Some workers receiving Covid supports could pay more tax next year
Tax credits for multiple years may be used, which Taxback.com says equates to a reduction in take-home pay.
Full-time workers who have been in receipt of Covid-19 benefits will likely face a tax bill at the end of the year, and will see their tax credits used to foot the bill.
Minister for Finance Paschal Donohoe said, in response to a question in the Dáil last week, that the Temporary Wage Subsidy Scheme (TWSS) payments to employees are liable to both income tax and Universal Social Charge.
Donohoe was responding to a question which asked “the estimated number of taxpayers in receipt of the Temporary Wage Subsidy Scheme who will have an additional tax, USC and/or PRSI liability as a result at the end of 2020, and the average amount liable”.
He said the tax bills would not be calculated in real time and instead will be calculated by Revenue as part of the ‘End of Year Review’ process. Donohoe said the level of tax and USC due by any employee may be reduced or eliminated by the amount of unused tax credits available and can also be further reduced if the employee has any additional tax credits, such as health expenses, to off set.
If there are further tax and USC liabilities following the allocation of unused credits, tax credits will be reduced for further years, which Donohoe said would minimise “any financial hardship to the greatest extent possible.”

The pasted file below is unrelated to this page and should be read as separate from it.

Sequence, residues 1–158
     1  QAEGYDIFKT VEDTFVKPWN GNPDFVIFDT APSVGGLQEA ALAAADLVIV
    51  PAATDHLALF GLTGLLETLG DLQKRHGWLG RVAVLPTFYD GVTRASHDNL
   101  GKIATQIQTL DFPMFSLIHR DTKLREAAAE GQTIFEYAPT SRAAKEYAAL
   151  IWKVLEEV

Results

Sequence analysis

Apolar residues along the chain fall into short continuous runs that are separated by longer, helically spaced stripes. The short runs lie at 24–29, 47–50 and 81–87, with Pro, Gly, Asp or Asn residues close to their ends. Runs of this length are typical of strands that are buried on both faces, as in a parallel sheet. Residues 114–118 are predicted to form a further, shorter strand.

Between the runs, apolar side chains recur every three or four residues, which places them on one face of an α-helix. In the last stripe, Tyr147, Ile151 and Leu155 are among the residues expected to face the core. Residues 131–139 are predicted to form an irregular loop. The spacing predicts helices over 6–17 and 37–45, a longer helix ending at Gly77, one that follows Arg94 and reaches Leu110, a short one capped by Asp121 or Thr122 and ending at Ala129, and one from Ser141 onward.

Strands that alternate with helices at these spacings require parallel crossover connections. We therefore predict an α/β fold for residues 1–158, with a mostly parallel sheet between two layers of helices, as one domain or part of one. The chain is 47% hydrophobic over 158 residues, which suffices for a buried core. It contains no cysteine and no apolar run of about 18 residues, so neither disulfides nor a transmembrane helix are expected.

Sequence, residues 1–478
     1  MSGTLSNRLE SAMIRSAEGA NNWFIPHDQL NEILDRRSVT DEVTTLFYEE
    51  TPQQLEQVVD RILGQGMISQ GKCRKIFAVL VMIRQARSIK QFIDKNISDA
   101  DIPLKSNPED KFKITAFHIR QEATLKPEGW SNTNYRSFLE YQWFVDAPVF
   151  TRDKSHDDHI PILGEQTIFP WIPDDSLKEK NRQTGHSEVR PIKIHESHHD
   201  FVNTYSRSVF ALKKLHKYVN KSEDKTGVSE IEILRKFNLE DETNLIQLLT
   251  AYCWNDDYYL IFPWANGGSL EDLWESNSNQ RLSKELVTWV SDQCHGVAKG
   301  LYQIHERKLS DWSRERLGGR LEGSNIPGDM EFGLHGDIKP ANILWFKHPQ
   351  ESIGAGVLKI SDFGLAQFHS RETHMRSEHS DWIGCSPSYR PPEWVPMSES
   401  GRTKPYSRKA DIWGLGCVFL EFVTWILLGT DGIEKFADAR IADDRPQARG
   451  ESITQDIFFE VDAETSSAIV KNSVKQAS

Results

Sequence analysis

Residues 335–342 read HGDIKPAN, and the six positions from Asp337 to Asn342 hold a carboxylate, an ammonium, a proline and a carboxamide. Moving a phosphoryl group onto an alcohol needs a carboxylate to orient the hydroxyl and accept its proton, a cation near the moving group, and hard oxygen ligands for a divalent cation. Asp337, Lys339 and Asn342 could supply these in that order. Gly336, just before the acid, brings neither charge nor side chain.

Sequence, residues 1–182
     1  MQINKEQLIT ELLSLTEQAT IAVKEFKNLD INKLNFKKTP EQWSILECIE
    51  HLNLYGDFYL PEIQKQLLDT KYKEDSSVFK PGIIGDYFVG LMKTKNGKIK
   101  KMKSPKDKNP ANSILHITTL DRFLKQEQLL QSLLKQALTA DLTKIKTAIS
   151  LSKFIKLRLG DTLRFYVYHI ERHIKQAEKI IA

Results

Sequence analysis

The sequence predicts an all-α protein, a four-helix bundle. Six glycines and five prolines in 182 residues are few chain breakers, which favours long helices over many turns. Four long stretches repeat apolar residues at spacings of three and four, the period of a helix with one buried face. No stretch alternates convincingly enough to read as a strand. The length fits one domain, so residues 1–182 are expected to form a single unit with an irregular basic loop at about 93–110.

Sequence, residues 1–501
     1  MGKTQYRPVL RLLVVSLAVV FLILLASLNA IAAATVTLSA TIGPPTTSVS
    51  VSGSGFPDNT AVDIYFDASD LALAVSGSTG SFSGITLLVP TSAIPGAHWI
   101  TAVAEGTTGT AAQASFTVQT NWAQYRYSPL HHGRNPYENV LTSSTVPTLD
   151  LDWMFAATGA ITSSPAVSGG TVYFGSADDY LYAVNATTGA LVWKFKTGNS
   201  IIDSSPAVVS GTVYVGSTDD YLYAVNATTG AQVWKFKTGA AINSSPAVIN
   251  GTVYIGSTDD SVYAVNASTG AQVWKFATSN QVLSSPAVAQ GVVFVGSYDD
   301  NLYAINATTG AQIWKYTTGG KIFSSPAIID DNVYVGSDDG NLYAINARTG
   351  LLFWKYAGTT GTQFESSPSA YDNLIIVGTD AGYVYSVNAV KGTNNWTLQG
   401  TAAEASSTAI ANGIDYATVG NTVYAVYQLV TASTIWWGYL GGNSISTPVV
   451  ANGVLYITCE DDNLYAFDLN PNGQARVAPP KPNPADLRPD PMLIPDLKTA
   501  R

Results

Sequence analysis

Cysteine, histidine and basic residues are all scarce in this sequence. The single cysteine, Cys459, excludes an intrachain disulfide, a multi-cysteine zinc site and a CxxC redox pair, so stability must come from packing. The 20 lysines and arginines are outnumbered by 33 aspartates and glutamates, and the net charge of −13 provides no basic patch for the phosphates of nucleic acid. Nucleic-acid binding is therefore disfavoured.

Experts at Taxback.com say that although the reduction in tax credits, which will equate to a reduction in take-home pay, had been eluded to in recent weeks, this was the first confirmation they had seen of the intended approach.
It said Donohoe’s comments offered some clarity to concerned workers as to how any underpayment of tax will be resolved.
Taxback.com say that although the Minister’s response suggests a person’s unused tax credits could substantially reduce or eliminate any tax liability that may arise, this is unlikely to be the case for most workers.
“Anyone whose total 2020 employment income and TWSS/PUP is under €16,500 will have no PAYE liability and a tiny USC liability (between 0.5% and 2% of the TWSS/PUP Payment),” said Marian Ryan, Consumer Tax Manager, Taxback.com.
“But anyone with earnings above that will have to repay the tax. Someone on a salary of €38,000 for example, could face a liability of anywhere from €796 – €1972 – and it’s unlikely that unused credits would make much of a dent in this.
“The Minister points in particular to the use of medical expense tax relief entitlements to reduce this tax bill. We absolutely agree that medical expense relief is underutilised in this country, and we are always calling on more people to get what they are owed in that regard.
“That said however, relief on medical expenses is 20% so to clear an underpayment of say €1,300, a person would need to have €6,500 in medical bills. In general, a person might only spend an average of €200-€250 per year on doctor visits and possibly some medicine.”